Buy a Transferpette multichannel pipette (classic, S, or electronic), get 10 boxes of Ultra Low Retention Tips Free!

Transferpette S Single Channel Start Sets

Starter Set available in four volume ranges:

  • Micro: 0.1-1μL, 0.5-10μL, and 10-100μL
  • Mid-Size: 2-20μL, 20-200μL, and 100-1000μL
  • Macro: 100-1000μL, 500-5000μL, and 1000-10000μL 
  • Standard: 0.5μL, 10-100μL, and 100-1000 μL

Pipette Controllers 

BRAND macro pipette controller

A laboratory standard for decades, the macro pipette controller has been completely redesigned for even finer control of all volumetric and serological pipettes from 0.1-200 mL. All of the function of that made this pipette controller a favorite in the lab has been retained – from the “one-size-fits-all” silicone adapter, the reinforced ridge for easy tip wiping, and the sensitive toggle for smooth aspiration and dispensing.

  • Simplifies pipetting
  • Fits most pipettes
  • Improves lab ergonomics
  • Pipettes to Class A tolerances
  • Autoclavable for decontamination and sterile pipetting

The improved macro is comfortable and offers convenient meniscus control. Operation is asa simple as squeezing the suction bellows and adjusting a lever. One squeeze of the bellows powers aspiration and dispensing up to 50 mL. Equipped with a convenient blow-out bulb to empty “to contain” pipettes. The macro is an excellent tool for laboratories with multiple novice users.

Glass and Plastic Compatible 

Compatible with glass and plastic 01 to 200 mL serological, volumetric and graduated pipettes with a maximum suction tube out diameter of 9.2mm, calibrated “to deliver” and “to contain.” The modified mechanism allows for finer control with small volume pipettes.

Ergonomic Design

The macro eliminates the awkward hand positioning associated with rubber pipette bulbs while increasing control of meniscus-level and flow rate. Featuring a relaxed grip design, low weight 125 grams (4 oz.), and low resistance operation to minimize strain from prolonged pipetting, the redesigned macro pipette controller will make a great addition to your lab.

Current Promotion

Buy 2 macros, get two macros free!

BRAND accu-jet pro pipette controller

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The BRAND accu-jet pro pipette controller incorporates comfort and performance features that make it one of the most popular pipette controllers in the market.

Comfort

Contoured for better fit for small and large hands. it is light weight and well balanced for low-fatigue pipetting.

Control

The pressure-sensitive buttons control pipetting speed, plus a motor-speed-limiter control thumbwheel adds extra assurance with pipettes as small as 0.1 mL.

Charge Indicator 

Don’t worry about you pipette controller failing on you in the middle of your work. An LED indicator alerts you when there is approximately 2 hours of charge time remaining. The controller can be operated when charging, providing you even more flexibility.

Advanced Electronics 

The accu-jet pro features a long-life, environmentally friendly Nickel-Metal hydride battery, with a special pulsed-mode charger to eliminate “lazy-battery-effect.” The controller will provide you with approximately 8 hours of continuous pipetting (based on the use of a 10 mL pipette) without recharging, while the LED indicates low battery.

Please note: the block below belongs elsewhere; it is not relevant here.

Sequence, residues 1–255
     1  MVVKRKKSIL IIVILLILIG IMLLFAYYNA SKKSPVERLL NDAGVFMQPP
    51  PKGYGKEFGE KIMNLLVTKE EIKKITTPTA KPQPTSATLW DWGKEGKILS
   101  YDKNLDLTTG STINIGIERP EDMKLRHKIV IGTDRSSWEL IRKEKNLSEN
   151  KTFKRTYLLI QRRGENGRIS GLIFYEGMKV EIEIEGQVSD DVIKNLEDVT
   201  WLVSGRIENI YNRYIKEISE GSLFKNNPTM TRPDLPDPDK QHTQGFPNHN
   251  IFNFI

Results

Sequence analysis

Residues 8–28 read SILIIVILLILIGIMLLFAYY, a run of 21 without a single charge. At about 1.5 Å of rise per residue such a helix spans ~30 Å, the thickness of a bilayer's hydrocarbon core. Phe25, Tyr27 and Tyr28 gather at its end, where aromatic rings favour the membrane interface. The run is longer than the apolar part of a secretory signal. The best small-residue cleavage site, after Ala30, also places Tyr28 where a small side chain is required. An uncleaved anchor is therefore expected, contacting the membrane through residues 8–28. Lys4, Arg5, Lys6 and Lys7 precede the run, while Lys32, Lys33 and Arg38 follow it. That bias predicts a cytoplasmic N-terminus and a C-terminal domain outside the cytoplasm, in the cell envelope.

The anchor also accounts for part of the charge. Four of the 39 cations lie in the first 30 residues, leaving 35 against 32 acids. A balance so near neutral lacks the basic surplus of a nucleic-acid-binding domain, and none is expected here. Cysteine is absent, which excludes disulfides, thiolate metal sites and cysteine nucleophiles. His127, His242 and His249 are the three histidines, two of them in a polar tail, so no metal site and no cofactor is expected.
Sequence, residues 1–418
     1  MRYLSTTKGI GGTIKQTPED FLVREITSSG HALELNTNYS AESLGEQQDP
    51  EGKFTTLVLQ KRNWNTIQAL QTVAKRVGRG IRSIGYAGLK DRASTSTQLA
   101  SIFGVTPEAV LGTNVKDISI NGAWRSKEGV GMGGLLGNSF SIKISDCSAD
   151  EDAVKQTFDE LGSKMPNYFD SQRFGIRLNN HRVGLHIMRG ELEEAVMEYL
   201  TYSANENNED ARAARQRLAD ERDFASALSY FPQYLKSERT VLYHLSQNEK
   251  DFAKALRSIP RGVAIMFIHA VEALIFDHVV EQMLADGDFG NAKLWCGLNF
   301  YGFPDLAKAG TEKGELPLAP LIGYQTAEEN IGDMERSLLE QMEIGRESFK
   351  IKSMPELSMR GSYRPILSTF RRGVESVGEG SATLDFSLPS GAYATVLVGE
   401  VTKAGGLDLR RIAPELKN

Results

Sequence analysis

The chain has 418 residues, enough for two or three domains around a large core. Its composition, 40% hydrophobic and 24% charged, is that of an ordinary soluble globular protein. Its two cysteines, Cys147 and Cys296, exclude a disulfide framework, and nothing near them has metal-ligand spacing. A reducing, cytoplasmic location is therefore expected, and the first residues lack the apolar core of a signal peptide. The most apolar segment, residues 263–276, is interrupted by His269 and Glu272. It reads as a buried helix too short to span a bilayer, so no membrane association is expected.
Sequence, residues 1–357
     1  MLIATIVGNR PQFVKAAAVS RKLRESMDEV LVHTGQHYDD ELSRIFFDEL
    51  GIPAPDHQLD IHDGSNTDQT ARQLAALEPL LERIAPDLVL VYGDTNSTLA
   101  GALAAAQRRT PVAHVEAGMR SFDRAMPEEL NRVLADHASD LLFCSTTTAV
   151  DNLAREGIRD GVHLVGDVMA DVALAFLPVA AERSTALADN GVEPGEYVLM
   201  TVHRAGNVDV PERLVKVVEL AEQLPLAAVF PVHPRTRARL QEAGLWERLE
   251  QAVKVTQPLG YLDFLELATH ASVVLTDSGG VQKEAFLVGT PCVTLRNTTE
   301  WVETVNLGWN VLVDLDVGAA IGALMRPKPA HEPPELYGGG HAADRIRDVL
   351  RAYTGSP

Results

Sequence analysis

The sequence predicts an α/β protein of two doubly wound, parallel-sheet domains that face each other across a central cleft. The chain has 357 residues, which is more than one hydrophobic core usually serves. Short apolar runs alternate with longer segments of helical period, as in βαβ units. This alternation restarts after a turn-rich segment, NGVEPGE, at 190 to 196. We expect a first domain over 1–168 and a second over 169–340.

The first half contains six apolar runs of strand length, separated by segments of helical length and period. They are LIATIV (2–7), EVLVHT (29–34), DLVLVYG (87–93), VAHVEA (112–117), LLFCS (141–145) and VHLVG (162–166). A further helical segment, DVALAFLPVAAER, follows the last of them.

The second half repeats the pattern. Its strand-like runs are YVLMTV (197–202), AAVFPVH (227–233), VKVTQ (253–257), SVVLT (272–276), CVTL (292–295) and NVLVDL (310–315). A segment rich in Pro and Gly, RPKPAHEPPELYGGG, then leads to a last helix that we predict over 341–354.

Ergonomic Design

Weighing only 190 grams (6.7 oz.), this light weight pipette controller features a smoothly curved shape to eliminate pressure points to enhance operator comfort.

Corrosion Protection 

A built-in check valve protects against liquid penetration. The unique active vapor exhaust system vents externally to protect internal components.

Current Promotion

Buy 3 accu-jet pro pipette controllers, get one free!

Promotion Details

These BrandTech Scientific promotions are valid when you purchase any of the qualifying items between 1/1/14 and 12/31/14. Follow these 4 steps to save money and stock up your lab.

  1. Purchase qualifying items and amounts (click on the specific product for the promo form)
  2. Check the box of the free item that you would like to receive (certain products may have pricing requirements e.g. equal or lesser value)
  3. Complete the form with your shipping information (please allow for 4-6 weeks for delivery)
  4. Email or fax your proof-of-purchase with a copy of your purchase order or invoice (dated between 1/1/14 and 12/31/14) to BrandTech Scientific, Inc. 860-767-2562 or email to: promotions@brandtech.com with scanned proof-of-purchase.

Please note: Offer is only valid to customers in the United States of America. Not valid for resellers. Void where prohibited by law or company policy. This offer may not be combined with any other offer. Limits may apply. Product appearance, catalog numbers, prices, specifications, and technical information are subject to change without notice. 

The 5S Approach To A Lean Lab

What is Lean?

Lean production (lean) is a popular quality improvement methodology that can be traced back to manufacturing and technology. Lean manufacturing principles can be used to improve efficiency in the laboratory environment. Lean has been adopted by many health care organizations and laboratories to help eliminate waste, organize the workplace, streamline procedures and establish clear, visual standards.